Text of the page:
Why Ransomware is Still an Endpoint Security Risk in 2022


This article is brought to you by Retail Technology Review: Why Ransomware is Still an Endpoint Security Risk in 2022.

By Richard Grant, freelance writer.

Ransomware has been around for decades at this point, and yet like lots of malicious software, it is also being augmented and enhanced by the nefarious groups behind it to try and claim new victims while circumventing fresh security measures.

Those who are hit by ransomware attacks, be they businesses or individuals, can end up paying through the nose to unlock their data, and it is still a major threat to endpoint security in 2022.

So why is ransomware still relevant, what are the trends shaping its use at the moment, and what are the prospects for fighting back against it going forward?

Reliable income is afforded by ransomware

The main motivator behind the continued use of ransomware-style attacks by cybercriminal gangs is that they are frequently successful and can thus consistently be relied upon to earn cash for those that perpetuate them.

What is more, because these crooks are not beholden to any kind of ethical code, they can wring further funds from victims they successfully target just by upping the asking price for decrypting the locked data even after payment is made.

Thankfully there are solutions made to provide additional defense against this type of attack, many of which are ranked as part of the Gartner Magic Quadrant endpoint protection report. As such it is up to businesses to invest in the necessary tools to turn the tide against attackers, while also using training to ensure employees are savvy to the strategies cybercriminals use.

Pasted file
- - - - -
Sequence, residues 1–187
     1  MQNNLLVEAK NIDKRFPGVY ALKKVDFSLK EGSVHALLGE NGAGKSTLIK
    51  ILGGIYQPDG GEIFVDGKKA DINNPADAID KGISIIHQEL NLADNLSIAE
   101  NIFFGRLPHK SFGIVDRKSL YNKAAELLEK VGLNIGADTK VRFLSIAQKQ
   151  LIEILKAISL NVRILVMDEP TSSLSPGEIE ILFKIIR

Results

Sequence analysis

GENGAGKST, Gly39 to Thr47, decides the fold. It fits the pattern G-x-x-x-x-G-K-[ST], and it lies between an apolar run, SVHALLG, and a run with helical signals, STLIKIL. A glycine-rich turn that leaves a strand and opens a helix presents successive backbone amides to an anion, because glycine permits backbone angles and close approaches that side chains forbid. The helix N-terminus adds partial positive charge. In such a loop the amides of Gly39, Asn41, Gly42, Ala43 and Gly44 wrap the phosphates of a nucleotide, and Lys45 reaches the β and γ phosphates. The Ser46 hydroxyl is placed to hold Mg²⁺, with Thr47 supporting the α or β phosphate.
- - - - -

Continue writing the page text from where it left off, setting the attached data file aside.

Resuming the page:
Recovery is difficult

Another advantage of ransomware from the perspective of its proponents is that even with certain solutions being built to decrypt data so that victims do not need to pay out, there is still a very slim likelihood of this actually succeeding.

This leaves organizations and individuals whose systems get infected with malware in a precarious position; either they fork out the sum being demanded of them and encourage further criminal activities, or they hope that they can either recover the data independently or deal with the aftermath of its total deletion without disrupting operations too badly.

In reality, minor IT outages can cost companies hundreds of thousands or even millions of dollars. This is why continuity and recovery planning is so important. And the uncertainty thrown up by ransomware means that it is very tricky to decide how to cope with an attack.

Human error is involved

Perhaps the most significant issue which makes ransomware an attractive prospect for cybercriminals to peddle is that attacks will succeed if flesh and blood humans can be tricked.

That means there’s no need to worry about circumventing high-end security software; all you need to do is put together a phishing email or convincing phony website, and get the unsuspecting user to click a download link.

Social engineering remains a top strategy across all sorts of criminal activities, from ransomware to fraud and identity theft. Once again, this means that businesses need to prioritize the proper training of employees to reduce endpoint security risks, and also implement and uphold best practices for using systems and devices to steer clear of these threats.

Wrapping up

From the amount of money that can be made through ransomware to the vulnerability of the human element it involves, it seems likely that this cybercrime trend will remain in place even as other fads rise and fall.

Software tools and training can shield firms of all sizes from ransomware, as well as from other endpoint security risks. It is merely a matter of investing the time, energy and resources required.

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